Speeches & Floor Statements

Colloquy Between Senator Lamar Alexander and Senator Judd Gregg on Student Loans

Posted on September 22, 2009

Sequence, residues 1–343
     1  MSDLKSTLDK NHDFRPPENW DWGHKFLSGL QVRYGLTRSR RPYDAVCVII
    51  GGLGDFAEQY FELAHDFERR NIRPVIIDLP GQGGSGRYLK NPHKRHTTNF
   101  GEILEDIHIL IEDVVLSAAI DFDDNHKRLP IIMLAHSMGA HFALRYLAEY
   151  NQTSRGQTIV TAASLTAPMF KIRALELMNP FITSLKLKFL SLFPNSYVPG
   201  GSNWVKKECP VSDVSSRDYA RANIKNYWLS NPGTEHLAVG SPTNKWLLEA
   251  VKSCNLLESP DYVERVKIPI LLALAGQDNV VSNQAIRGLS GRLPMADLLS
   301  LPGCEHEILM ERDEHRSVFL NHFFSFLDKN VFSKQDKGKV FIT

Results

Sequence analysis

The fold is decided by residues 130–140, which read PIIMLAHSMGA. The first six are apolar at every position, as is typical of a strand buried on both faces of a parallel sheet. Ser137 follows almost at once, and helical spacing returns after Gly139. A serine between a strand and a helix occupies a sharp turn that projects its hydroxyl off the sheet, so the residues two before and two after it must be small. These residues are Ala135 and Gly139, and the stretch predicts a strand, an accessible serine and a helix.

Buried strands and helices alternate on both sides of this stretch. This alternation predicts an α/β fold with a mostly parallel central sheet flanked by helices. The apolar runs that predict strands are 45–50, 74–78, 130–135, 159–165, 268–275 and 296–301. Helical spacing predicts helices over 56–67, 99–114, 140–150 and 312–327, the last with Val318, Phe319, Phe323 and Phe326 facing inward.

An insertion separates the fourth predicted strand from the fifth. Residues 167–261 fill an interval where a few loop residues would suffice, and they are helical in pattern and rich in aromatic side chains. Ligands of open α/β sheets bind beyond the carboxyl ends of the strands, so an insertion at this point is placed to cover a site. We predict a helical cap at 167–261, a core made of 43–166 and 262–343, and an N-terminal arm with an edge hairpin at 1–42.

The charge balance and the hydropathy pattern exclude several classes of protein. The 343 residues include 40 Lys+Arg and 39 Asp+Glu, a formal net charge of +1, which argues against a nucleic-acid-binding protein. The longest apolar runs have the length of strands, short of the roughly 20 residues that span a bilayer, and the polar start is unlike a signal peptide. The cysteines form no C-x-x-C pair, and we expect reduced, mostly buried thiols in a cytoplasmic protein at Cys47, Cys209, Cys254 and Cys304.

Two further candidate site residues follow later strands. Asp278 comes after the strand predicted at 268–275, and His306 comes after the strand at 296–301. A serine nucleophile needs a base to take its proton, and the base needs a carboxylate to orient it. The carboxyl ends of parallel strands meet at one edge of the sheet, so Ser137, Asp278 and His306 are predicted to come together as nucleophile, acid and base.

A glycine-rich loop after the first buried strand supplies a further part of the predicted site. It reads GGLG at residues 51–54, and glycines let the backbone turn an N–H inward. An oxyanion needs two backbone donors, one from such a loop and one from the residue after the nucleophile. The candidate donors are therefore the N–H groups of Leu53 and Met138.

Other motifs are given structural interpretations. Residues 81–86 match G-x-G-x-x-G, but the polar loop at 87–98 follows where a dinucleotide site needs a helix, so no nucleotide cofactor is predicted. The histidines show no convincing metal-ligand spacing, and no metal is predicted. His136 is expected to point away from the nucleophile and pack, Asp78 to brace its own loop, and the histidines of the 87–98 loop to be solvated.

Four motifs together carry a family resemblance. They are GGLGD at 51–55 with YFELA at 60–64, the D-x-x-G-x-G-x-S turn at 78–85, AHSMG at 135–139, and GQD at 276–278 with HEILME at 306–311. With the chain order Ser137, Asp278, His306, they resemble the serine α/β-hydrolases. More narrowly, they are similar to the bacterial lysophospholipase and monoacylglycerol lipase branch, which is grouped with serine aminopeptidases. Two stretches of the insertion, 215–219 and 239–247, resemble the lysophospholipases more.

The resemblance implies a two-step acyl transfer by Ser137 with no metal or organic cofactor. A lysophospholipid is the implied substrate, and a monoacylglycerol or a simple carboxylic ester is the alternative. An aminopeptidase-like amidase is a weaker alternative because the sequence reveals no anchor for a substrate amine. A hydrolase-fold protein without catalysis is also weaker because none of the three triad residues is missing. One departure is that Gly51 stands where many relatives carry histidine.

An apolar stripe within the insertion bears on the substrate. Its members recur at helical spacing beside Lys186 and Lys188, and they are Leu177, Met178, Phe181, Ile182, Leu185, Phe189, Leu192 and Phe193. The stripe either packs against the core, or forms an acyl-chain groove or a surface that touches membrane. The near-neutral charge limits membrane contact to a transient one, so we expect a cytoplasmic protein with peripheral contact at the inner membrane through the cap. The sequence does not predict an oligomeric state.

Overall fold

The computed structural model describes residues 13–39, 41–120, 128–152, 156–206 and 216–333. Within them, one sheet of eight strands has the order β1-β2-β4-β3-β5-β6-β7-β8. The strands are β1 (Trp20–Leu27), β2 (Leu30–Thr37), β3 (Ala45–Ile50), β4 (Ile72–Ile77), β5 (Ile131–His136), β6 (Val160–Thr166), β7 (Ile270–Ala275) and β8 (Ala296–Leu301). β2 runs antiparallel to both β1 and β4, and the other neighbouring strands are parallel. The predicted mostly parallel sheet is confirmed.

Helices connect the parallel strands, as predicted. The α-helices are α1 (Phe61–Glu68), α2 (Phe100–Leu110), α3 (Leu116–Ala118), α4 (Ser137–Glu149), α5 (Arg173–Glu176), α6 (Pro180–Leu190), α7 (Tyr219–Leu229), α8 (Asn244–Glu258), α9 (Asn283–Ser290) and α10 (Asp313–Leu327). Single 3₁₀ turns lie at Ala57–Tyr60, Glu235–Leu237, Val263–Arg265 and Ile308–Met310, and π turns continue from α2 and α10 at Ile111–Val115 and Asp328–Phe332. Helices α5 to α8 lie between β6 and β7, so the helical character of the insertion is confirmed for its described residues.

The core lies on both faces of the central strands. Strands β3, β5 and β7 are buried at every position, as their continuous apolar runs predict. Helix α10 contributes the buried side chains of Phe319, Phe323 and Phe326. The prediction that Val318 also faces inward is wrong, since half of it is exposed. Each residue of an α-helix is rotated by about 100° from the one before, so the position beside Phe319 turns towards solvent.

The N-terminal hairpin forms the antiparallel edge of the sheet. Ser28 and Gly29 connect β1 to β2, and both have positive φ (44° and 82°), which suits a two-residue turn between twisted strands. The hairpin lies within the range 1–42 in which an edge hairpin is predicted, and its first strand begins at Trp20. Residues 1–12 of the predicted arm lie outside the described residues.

Mr. ALEXANDER. Mr. President, I don't think we can say it too often -- though some people may tire of hearing Republican Senators saying it -- we have too much debt and too many Washington takeovers. Today, we want to talk about the latest Washington takeover, the latest huge addition to the national debt, which is the voluntary takeover of the Federal Family Education Loan Program. Rather than describe the situation myself, let me go to the New York Times article, on September 14, to paint the picture. Between financial rescue missions and the economic stimulus program, government spending accounts for a bigger share of the nation’s economy — 26 percent —— than at any time since World War II. The government is financing 9 out of 10 new mortgages in the United States. If you buy a car from General Motors, you are buying from a company that is 60 percent owned by the government. If you take out a car loan or run up your credit card, the chances are good that the government is financing both your debt and that of your bank. And if you buy life insurance from the American International Group, you will be buying from a company that is almost 80 percent federally owned. Mr. Obama plans to argue, [the Obama administration says], that these government intrusions will be temporary. If that is true, then why is the Obama administration insisting and the Democrats in the Senate and the House are insisting that we take the Federal student loan program which works very well and turn it wholly into a government-run program? Borrow a lot more money, maybe $500 billion or $600 billion over the next 5 or 6 years, and turn the Secretary of Education into a competitor for banker of the year instead of educator of the year. Just the size of this undertaking is enough to stagger the imagination. There are 19 million new student loans every year. They are made through 2,000 lenders at 4,421 schools. At 1,600 schools, one out of four of the student loans, you can get the money directly from the Federal Government. But ever since I was U.S. Secretary of Education in the early 1990s, students have preferred their local institutions. Now the President comes along and says we are going to have a lot of savings, we are going to have $87 billion in savings over the next 10 years, so we should end the student loan program as we know it and turn it all over to the government and have people stand in line at the U.S. Department of Education each year to get 19 million loans. The Senator from New Hampshire is the former chairman of the Budget Committee, the ranking member of the Budget Committee, perhaps the leading Senator in this body on budgetary matters. I would ask him this question: Is there really $87 billion in savings over the next 10 years which the President and the Democratic majorities should be able to spend? Mr. GREGG. Let me first congratulate the Senator from Tennessee for bringing this matter to the attention of the Senate because if there were ever a shell game being played on the American people, this is it. The Administration has alleged they are going to save $87 billion. Then they have gone out with great zeal and enthusiasm and spent every cent of it -- spent every cent of it. It turns out there is not $87 billion saved. CBO, when it looks at this and does so in a forthright way, using standard accounting procedures which we would use in most instances, determines the savings are closer to $47 billion. Mr. ALEXANDER. If I may interrupt the Senator for a moment, you mean the Congressional Budget Office, whose Director is appointed by the Democratic majority, has said that instead of $87 billion in savings, it is $47 billion; is that correct? Mr. GREGG. That is correct. But they are subject to very arcane rules. They came up with the $87 billion using the arcane rules. I asked them to look at this in an honest way, using standard accounting rules, the same rules used by the Congressional Budget Office for other credit events. They concluded that if we use those and were able to use those and were not bound by the arcane score-keeping rules -- it is not their fault, they are bound by law to use a different standard here -- the real savings is $47 billion. That is what they said. They said that using the proper accounting methods for looking at this, the true savings is $47 billion, which, of course, begs the question of, what are you going to use that for? They are going to spend $87 billion, so actually they are going to run up a deficit on this whole exercise of a lot of money on the taxpayers in the claim that they are saving money. Mr. ALEXANDER. This $47 billion, just so I follow this, is the actual savings. Let me see if I can understand the figures a little better. The government's basic argument here is it can borrow money cheaper than banks can borrow money and then re-lend it to students, which is true. I think the government can borrow money at one-quarter of 1 percent. But the government is lending the money to students at about 6.8 percent depending on the loan. So even if it is $87 billion or $47 billion over 10 years, doesn't that mean the government is overcharging students who are getting student loans and then using that money for new programs? Mr. GREGG. The Senator is going to the essence of what really drove this decision. This is not a decision about saving money, this is a decision about spending money. That may seem counterintuitive, but what you have to understand is that if the Administration could get a score from CBO that says they are going to save $87 billion or they are going to save $47 billion, then they get to spend that money. So no money is being saved -- none. The money is being spent on different programs. . What should have happened here, if they were going to have integrity about their proposals, is exactly what the Senator from Tennessee is basically suggesting, which is the whole $87 billion should have been saved. It should not have been spent, it should have been saved and added to reduce the debt. There is no reason the government should be making $47 billion off our students any more than they should be making $87 billion off our students, if they are going to go solely to a federal Direct Loan program. Mr. ALEXANDER. These 19 million loans every year, we know who these people are. They are our sons and daughters. They are people in our families. Sometimes they have two jobs while they try to go to school. Maybe they have no job; they have gotten laid off and they are going back to school. They can get a student loan. But the government has borrowed the money at one-quarter of 1 percent and loaned it to them at nearly 7 percent and is taking that profit, whatever the amount is, and spending it on something else. Mr. GREGG. The Senator from Tennessee is absolutely right. It truly is a cynical act because basically they are claiming savings when they are actually creating a capacity to spend more money, which they spend. This is Washington-speak at its worst. It reflects the attitude, really, of this administration, which is that they are not interested in controlling spending or reducing the debt. When they find $87 billion, which they claim they have -- they actually only have $47 billion -- they want to spend it as soon as they can, and they have. This spending has already occurred even though the program has not been put in place to save this money. They have already outlined how they are going to put this money out the door, not using it to reduce the debt. But the Senator from Tennessee is right on a second point too. It should have been zero. In other words, there is no reason, if you are going to take this course of action and you are going to maintain intellectual integrity, that there should be any money being spent here. The full $47 billion should flow to the benefit of the students. Mr. ALEXANDER. I am not ready to say there is $47 billion of savings. That assumes the U.S. Department of Education, which makes about a fourth of the current student loans in the country -- which is 3 million loans a year, and it spends about $700 million a year on that -- can make 18 or 19 million student loans a year from the same amount of administrative costs. That doesn't sound likely to me. If that is true, then even the $47 billion is a wrong number. Mr. GREGG. No one is more expert in this area than the Senator from Tennessee, having served as one of the leading Governors on the issue of education when he was Governor of Tennessee and then going on to be the Secretary of Education. He understands how the Department of Education works. I certainly subscribe to his view. It does not smell right. Clearly, if they are going to increase their activities by this size, they are going to have a massive increase in cost. Another question on which I would be interested in the thoughts of the Senator from Tennessee is, what happens to the students? I know some people get a little frustrated just trying to get their driver's licenses renewed in this country. Can you imagine having to go find the Department of Education and getting a student loan from that Department? I would be interested to get the Senator's thoughts on what kind of nightmare that is going to be for our students. Mr. ALEXANDER. That is a pretty big nightmare. The Senator and I both worked on ways of simplifying the Free Application for Federal Student Aid or FAFSA. There are millions of individuals and families this year in America who have to get this government form, fill it out, and tell all about themselves in order to get a Pell Grant or apply for a student loan, one way or the other. That is very complicated. I have been trying to imagine how the U.S. Department of Education, one of the smallest departments in the country, which has in its higher education part of its division simply a mechanism for sending money out -- Pell grants, paying bills -- how it is going to make 19 million new loans a year. In my State of Tennessee, the nonprofit provider of student loans, one of the 2,000 lenders that exist in the country to serve students in New Hampshire or everywhere -- these are some of the things they do. They have five regional outreach counselors to canvass Tennessee to provide college and career planning; they made 443 presentations through college fairs; they worked 12,000 students to improve their understanding of college admissions and financial aid; they provided training to over 1,000 school counselors so they could work with students; they sent out 1.5 million financial aid brochures for Tennessee students. I cannot imagine the Department of Education having the capacity to do that. I think the Senator is right. I think we are going to see long lines of very upset students, starting in January -- because that is when they start filling out those forms -- saying: What has happened here? I have to line up at the U.S. Department of Education to get my student loan, 19 million of us? Mr. GREGG. I think the Senator from Tennessee has hit one of the core issues here, independent of the fact that this is just a scam to create more room to spend more money to spend on other programs, and it is scamming the students by hitting them with $47 billion of interest payments which they should not have to pay if this is followed. But the Senator has raised another valuable question here, which is obviously students were reasonably comfortable with the system the way it worked because 75 percent of the students had opted to pursue the private sector loan process. Granted it was a little more expensive for them -- not dramatically by student; obviously cumulatively it was, but not dramatically by student. But I think they took that option because it was so much more convenient. In our society, which is reasonably capitalistic -- but becoming less so under this Administration; obviously we are moving down the road toward a Socialist state -- but independent of that, people often pay a little more for the convenience of it, for the convenience of having an efficiently delivered loan, for the convenience of knowing whom to talk to when you have a problem, for the convenience of basically being able to go get answers quickly to your questions. Essentially, that is what these higher education authorities created in every State. Tennessee has one. New Hampshire has one. They are really good people. They are, for the most part, except for their executive director, volunteers. Their purpose is to make sure students have very prompt access to student loans which are significant enough for them to pay for their education and that it is also done in a way that is convenient so they do not have to end up just getting lost in a massive bureaucracy. I suspect every congressional office is going to have to become a massive clearinghouse for student loan problems. We don't have that now. We have problems with a lot of programs and agencies, but student loans is not one of them. It really is a big issue of the marketplace having voted with their feet, so to say. The students in this country voted to use the guaranteed loan system, pay a little bit more for the purposes of the convenience they were being given by having that sort of easy access and substantive information right at hand, versus going to the government and getting overwhelmed by a government bureaucracy which is often indifferent to consumer issues and is difficult to deal with. Mr. ALEXANDER. I appreciate the comments of the Senator. In President Obama's address to us on health care the other day, he said: My guiding principle is and always has been, the consumers do better when there is choice and competition. That is how the market works. I guess he means except when we are talking about student loans. Twenty years ago, we set up a system to give people a choice, and, as you said, they voted with their feet. This past year, 14 million students made a choice to be under the regular student loan program. They are at 4,000 campuses, went to 2,000 lenders, they got a lot of extra services, I assume, or they could have come to the Department of Education, which about 4.5 million students chose to do. The Senator has made it clear that the excuse for doing -- but, well, let me say this. I guess the Senator has heard many times the President and people on the other side of the aisle say: Well, we inherited this problem. The reason we own General Motors, or 60 percent of it, is because we inherited it from President Bush. Or: The reason we are dealing with the American International Group Insurance Company is because we inherited that problem. Or: The reason we had to take over the banks is we inherited that problem. Well, this is a completely voluntary Washington takeover, if I am not mistaken. Mr. GREGG. The Senator is once again correct. There is a macro issue of economics here. Although it is tangential to the Senator's primary concern, which is the very legitimate concern of: Why are we taking all of this money from students if we are going to do this type of program? And why are we spending all of this money even before we take it in? And why are we putting students through having to stand in line like at the DMV to get a loan? There is a macro issue here, which is for the government to take over all of this debt means we are going to add $5- to $600 billion to the government ledger. We are now nowhere near that in the student loan area because we are not primarily responsible for the debt. As a result, you are going to have some significant crowding out. It could easily aggravate our ability to borrow money for the purposes of financing these massive deficits the President wants to run, the trillion-dollar deficits every year for the next 10 years that are in the budget. I do not think it will be a massive issue, but it will be a significant issue. It could affect the rate of interest which we have to pay as a government. It could affect other nations looking at us and saying: Do we have too much debt on our books? Most of this debt will go into a revolving fund, and hopefully it will be repaid, as it is traditionally. But the initial debt will still have to be put on the books at some point. Mr. ALEXANDER. Well, I thank the Senator. I think what we have seen is getting to be too familiar around here, an action by the administration, another Washington takeover, more debt, to the tune of $500 or $600 billion, more debt. You said on the $87- or $47 billion spending of money we do not really have. Mr. GREGG. Well, the $87 billion is what has been spent. That is what they are going to spend. Mr. ALEXANDER. They are going to spend the $87 billion. As you have eloquently said: There is no $87 billion. That adds to the debt. Then there is the problem of 19 million students lining up at the Department of Education to get their student loans starting in January. Perhaps we need a piece of truth-in-lending legislation that would go on every student loan application that says: Congratulations. Your government is making you a student loan. We borrowed it at one-quarter of 1 percent, and we are going to loan it to you at 6.8 percent, and we are going to spend twice that much on new programs that we thought of while we take over the entire student loan program. Mr. GREGG. I would say the Senator from Tennessee has hit on a very appropriate disclosure issue that should be on every one of those loans. Mr. ALEXANDER. Unless the Senator from New Hampshire has further comments, I yield the floor. Mr. GREGG. I appreciate the courtesy of the Senator from Tennessee.